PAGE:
Designed for registered nurses, these programmes will develop your knowledge, skills and professional confidence to integrate theory, practice and research to improve your nursing care and patient outcomes.
Responsive to current demands of practice, our courses will give you a deeper understanding of pathophysiological concepts and current nursing practice issues.
Develop your ability to carry out advanced assessments on patients to improve your clinical reasoning. Enhance your skills in locating, analysing, evaluating and applying information and research to your everyday work.
To study these programmes at the Graduate School of Nursing, Midwifery and Health you must be a registered nurse with a current practising certificate from the Nursing Council of New Zealand. You also need a Bachelor's degree from a New Zealand tertiary institution.
The level at which you study will depend on your previous academic achievements and chosen professional direction.
As a guide, for each 30-point course you take at the Graduate School, you should allocate around 10 hours per point for self-directed study, research, assessments and attendance at Schools.
If you’re studying full time, you can expect a workload of 40 hours of study time a week for much of the year. Part-time students doing one course per trimester will need to allocate approximately 20 hours of study a week. Make sure you take this into account if you are working full time.
Through a blend of research, class work and clinical experience, our academic team will support and work with you throughout your study, both face-to-face and through internet-based technology. You'll study a combination of core and elective courses, with both coursework and thesis-based research options at Master’s level.
Each course is made up of several ‘block schools’, with each block held over one to four days. They're a mix of lectures, tutorials and small group activities that give you time to study and access to staff for advice and guidance.
Held at Wellington Regional Hospital, the schools are a great opportunity for you to network with your peers and other health care experts—to share ideas and strategies for learning, identify areas for change and assess your progress.
Our part-time programme options make it easy for you to learn while you're working. We'll help you integrate academic life with work and family through our flexible delivery models that allow you to learn at home or on campus.
The distance component supported by Blackboard forms part of your courses and supports the development of the content delivered in the School.
The Master of Nursing Science is made up of two parts. In Part 1, you’ll gain an understanding of applied pathophysiology and develop advanced assessment and clinical reasoning skills. You’ll complete two further courses from an approved range, in an area of specialist practice or other focus of your choice.
After completing Part 1 and with the permission of the head of school, you can begin Part 2 with either a coursework or research focus.
If you choose to focus on coursework, you’ll complete a research review, practice project and further taught courses.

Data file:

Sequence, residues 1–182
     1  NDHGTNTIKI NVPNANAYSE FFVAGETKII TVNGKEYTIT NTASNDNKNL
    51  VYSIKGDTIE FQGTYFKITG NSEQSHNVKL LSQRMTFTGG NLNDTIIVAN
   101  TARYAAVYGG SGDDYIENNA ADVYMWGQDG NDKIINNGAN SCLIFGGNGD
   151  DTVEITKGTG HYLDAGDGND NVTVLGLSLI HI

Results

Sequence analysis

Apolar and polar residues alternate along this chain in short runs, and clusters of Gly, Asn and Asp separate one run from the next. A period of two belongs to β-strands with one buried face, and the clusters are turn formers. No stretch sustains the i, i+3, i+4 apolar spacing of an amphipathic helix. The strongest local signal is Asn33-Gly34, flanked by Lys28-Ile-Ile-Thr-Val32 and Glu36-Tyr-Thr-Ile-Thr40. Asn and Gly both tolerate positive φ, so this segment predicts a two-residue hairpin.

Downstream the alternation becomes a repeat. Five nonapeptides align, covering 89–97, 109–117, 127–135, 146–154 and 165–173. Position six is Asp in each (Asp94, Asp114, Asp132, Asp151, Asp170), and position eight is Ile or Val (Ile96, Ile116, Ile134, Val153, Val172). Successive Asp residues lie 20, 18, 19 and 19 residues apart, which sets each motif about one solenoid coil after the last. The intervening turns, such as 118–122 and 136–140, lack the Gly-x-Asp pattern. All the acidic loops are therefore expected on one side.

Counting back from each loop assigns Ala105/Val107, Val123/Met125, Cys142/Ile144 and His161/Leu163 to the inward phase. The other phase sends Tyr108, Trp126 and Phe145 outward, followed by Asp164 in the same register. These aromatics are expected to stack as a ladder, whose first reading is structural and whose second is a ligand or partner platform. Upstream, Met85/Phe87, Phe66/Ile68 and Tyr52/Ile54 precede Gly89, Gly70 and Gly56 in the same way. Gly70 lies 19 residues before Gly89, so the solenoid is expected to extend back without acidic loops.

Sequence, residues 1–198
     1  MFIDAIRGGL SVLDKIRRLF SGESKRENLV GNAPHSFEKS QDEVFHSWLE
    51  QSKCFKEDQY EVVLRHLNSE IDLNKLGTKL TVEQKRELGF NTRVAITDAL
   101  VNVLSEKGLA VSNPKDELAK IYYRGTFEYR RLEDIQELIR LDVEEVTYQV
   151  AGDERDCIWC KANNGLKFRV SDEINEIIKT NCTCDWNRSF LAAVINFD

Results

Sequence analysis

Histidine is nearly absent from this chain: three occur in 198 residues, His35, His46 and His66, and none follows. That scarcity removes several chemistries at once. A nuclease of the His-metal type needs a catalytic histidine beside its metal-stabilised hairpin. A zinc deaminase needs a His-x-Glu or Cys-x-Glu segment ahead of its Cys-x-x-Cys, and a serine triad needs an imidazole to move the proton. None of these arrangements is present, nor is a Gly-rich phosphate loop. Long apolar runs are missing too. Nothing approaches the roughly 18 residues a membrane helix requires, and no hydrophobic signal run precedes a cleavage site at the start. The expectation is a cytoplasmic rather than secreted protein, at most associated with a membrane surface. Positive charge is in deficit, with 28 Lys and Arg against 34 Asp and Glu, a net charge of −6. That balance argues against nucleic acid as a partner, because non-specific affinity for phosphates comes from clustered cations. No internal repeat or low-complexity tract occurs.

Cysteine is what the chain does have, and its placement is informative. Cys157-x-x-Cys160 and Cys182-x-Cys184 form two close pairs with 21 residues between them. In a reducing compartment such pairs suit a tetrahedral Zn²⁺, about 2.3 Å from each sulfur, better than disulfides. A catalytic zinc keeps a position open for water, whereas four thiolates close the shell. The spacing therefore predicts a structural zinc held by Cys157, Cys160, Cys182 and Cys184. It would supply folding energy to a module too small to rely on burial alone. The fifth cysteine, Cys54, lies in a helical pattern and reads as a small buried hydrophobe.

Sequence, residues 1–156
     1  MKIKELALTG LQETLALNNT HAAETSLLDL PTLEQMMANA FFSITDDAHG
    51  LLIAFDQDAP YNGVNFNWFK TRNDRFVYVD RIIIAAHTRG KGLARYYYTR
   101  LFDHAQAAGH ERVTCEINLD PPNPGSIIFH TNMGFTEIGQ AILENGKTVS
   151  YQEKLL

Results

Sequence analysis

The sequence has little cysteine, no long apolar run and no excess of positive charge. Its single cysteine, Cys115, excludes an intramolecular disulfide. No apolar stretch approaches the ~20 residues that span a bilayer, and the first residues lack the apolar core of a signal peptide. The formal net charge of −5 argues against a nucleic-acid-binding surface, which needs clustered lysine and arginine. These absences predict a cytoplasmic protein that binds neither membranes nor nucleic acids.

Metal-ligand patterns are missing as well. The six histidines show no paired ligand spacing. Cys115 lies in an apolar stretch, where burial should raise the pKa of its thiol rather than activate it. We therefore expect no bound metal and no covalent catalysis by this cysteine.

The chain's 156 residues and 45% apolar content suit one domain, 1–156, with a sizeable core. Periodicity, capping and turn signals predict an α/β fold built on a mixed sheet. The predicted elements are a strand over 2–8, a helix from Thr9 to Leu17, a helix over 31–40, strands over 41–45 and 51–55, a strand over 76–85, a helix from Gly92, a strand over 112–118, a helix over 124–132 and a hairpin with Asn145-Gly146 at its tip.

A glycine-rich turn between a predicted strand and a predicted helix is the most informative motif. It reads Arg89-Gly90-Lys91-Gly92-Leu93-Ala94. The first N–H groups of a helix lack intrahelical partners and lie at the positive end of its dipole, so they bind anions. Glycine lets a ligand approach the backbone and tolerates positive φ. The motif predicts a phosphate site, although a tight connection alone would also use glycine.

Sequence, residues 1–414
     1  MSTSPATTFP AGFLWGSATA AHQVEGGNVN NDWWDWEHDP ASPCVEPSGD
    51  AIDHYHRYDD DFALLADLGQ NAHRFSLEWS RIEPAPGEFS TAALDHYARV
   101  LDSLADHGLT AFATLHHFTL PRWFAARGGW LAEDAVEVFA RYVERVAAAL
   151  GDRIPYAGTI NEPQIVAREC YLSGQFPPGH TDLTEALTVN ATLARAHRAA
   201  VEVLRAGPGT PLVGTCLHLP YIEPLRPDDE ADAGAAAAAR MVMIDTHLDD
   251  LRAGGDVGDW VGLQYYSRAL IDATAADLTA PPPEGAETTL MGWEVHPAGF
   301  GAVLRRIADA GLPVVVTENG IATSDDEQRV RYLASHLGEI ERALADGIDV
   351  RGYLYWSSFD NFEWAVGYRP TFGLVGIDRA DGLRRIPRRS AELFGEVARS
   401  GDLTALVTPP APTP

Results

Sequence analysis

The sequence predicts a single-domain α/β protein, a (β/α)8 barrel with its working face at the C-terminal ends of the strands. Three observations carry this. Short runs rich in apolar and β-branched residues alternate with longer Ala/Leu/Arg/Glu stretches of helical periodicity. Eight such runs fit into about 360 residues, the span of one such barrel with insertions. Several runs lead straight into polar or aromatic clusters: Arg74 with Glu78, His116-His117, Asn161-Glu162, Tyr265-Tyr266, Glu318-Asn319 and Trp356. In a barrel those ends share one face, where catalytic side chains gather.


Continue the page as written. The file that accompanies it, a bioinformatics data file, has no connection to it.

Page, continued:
With a research focus, you’ll complete a research methods course and undertake your thesis—an advanced research project that contributes to nursing knowledge.
There are also two optional pathways within the Nursing Science programme: the nurse prescribing pathway or the nurse practitioner pathway.
Nurse prescribing pathway
The nurse prescribing pathway gives you the skill set needed for a prescribing role in your practice. You’ll take a set of four core courses including clinical pharmacology and conclude with a Nurse Prescribing practicum (HLTH 529) which will help you prepare for the Nursing Council of New Zealand registration process.
The entry requirement into HLTH 529 is at least a B grade for all prerequisite courses.
The Nursing Council of New Zealand requires that the nurse:
See the NCNZ website or contact the programme director for more information.
Nurse practitioner pathway
The nurse practitioner pathway has a distinctive structure within the Master of Nursing Science and gives you the knowledge and skills of an advanced health professional.
You will need to complete six core courses and two pre-approved elective courses. Your elective courses must support your development as a nurse practitioner and need to be approved by the programme director.
At least a B grade for all prerequisite courses is required in order to progress to the Nurse Practitioner Practicum (HLTH 531).
The Master of Nursing Science qualification meets the Nursing Council of New Zealand stipulated requirements for Nurse Practitioners.
You can complete a Postgraduate Diploma in Nursing Science on its own, but after graduating you may wish to apply for admission to the Master of Nursing Science programme. Your postgraduate diploma can be credited towards the Master’s, with exemptions given for the courses you have already completed.
The nurse prescribing pathway can also be completed as part of the Postgraduate Diploma in Nursing Science.
You can complete a Postgraduate Certificate in Nursing Science on its own, but after graduating you may wish to apply for admission to the Master of Nursing Science or Postgraduate Diploma in Nursing Science programme. Your postgraduate certificate can be credited towards either programme, with exemptions given for the courses you have already completed.
Victoria University of Wellington
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